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Say you have an idea and it needs to be tested by argument. But you also have a backup idea that helps you beat it if the critic is too strong. The backup is not necessary wrong or a fallacy, it's just not rigorous enough so that people can't tell where it's wrong. What is that backup idea called?

I have thought about "backup plan" or "exit plan", but I think they are more likely used in business strategies than normal conversations. Maybe the problem lies in the word "plan"? I don't need them to emphasize the that they are not wrong, but it should as least don't suggest that they are wrong.

  • @AzureHeights close, but it still have the connotation of business strategy? Maybe the problem lies in the word "plan"? is there a way to keep the "fallback" but with another word? – Ooker Jun 9 '18 at 6:08
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    It may help you beat a critic, but not win a critic. Look up these commonly confused words in your dictionary. – James K Jun 9 '18 at 6:21
  • Why is this question is bad or not useful? – Ooker Jun 11 '18 at 1:19
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Fallback argument may be the term you're looking for. An argument would be more specific to the situation, and fallback implies that it is only really a last resort if your other arguments weren't sufficient to convince the critic.

  • actually reading your explanation I think the word I'm looking for is "last resort". But thanks anyway – Ooker Jun 9 '18 at 6:18
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    @Ooker: A last resort does not convey the meaning you asked for. It has nothing to do with being right or wrong or convincing anyone or deflecting criticism. Fallback argument fits rather precisely what you've asked for. – Tᴚoɯɐuo Jun 9 '18 at 9:30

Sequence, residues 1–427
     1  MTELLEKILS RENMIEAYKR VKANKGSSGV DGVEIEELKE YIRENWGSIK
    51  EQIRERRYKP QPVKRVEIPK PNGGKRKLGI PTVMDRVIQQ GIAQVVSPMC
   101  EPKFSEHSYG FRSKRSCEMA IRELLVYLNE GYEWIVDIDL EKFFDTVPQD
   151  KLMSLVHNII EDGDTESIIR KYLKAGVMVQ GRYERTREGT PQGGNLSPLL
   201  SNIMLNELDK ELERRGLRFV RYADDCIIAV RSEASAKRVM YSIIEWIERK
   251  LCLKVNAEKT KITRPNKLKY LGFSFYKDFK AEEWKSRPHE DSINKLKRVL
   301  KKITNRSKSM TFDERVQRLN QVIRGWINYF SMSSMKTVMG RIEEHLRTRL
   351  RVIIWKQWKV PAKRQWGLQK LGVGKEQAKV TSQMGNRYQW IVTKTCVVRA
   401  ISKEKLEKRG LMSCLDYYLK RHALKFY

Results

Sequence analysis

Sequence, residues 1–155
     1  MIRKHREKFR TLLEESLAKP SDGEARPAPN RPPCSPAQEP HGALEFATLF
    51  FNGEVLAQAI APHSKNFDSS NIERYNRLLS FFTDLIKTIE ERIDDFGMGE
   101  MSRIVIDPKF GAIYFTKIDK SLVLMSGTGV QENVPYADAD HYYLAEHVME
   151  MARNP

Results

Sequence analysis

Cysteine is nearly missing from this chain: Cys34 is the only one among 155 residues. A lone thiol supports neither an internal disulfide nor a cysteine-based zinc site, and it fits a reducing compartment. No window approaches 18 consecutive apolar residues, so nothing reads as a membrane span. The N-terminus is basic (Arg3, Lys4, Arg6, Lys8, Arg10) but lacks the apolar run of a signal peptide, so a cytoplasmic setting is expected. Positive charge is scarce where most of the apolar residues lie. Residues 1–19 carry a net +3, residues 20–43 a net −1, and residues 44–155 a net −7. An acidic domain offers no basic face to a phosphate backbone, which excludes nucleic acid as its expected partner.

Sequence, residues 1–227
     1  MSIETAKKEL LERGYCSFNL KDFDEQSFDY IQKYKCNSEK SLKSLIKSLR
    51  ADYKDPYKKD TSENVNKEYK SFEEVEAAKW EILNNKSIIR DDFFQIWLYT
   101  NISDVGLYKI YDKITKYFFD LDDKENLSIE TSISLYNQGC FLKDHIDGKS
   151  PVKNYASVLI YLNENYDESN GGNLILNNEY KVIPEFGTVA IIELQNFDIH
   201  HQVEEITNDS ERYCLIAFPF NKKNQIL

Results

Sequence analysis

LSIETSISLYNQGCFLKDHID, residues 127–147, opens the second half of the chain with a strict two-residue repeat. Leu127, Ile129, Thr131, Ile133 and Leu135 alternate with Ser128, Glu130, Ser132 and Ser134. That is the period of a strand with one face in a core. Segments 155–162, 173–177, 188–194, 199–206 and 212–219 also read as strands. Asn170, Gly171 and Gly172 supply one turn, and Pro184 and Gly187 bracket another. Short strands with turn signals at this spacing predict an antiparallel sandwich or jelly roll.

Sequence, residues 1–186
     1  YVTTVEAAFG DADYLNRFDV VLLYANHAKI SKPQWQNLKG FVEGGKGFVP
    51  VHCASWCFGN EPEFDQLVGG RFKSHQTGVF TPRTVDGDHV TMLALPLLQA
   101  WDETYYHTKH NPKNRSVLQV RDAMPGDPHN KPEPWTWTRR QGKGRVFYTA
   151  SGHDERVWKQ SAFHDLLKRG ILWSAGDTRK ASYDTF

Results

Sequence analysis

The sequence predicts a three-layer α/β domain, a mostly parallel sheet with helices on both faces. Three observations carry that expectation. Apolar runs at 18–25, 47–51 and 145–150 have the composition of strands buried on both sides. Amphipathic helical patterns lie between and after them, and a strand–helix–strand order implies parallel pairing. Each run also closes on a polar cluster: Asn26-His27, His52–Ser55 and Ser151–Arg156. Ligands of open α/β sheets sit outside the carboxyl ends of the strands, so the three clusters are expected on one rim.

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"Backup plan" does not sound like a business strategy term to me. It can be used broadly.

You could also consider the following:

  • an ace up your sleeve; to have an ace up your sleeve
    • have (something) up (one's) sleeve
      To have a secret plan, idea, or advantage that can be utilized if and when it is required. A reference to cheating at a card game by hiding a favorable card up one's sleeve. I have a few tricks up my sleeve if he decides to pursue legal action against me. She has a card up her sleeve if they ever try to fire her, since she knows about the boss's unscrupulous business practices.
  • trump card
    1. A resource used to gain an advantage over others, often by being held and then used at an opportune time. I have a feeling the prosecution still hasn't played their trump card in this trial—I expect a big revelation during tomorrow's testimony.
  • plan B
    A secondary "backup" plan to be undertaken should one's original plan fail or prove unfeasible. We're running a bit late, so how about plan B: Instead of getting dinner before the movie, let's just get some popcorn at the theater and eat something proper afterward. Well, the diagnostics test didn't reveal any issues with the server. Do you have a plan B?

(TFD)

The first two often suggest that you strongly believe, or are certain, that the alternative will succeed.

A last resort (as you mentioned in a comment) is often an option you use after multiple alternatives failed and is used out of desperation. It's often your last hope and not necessarily an option you believe will succeed.

  • thanks for getting me clear on "backup plan" and "last resort" – Ooker Jun 9 '18 at 7:45

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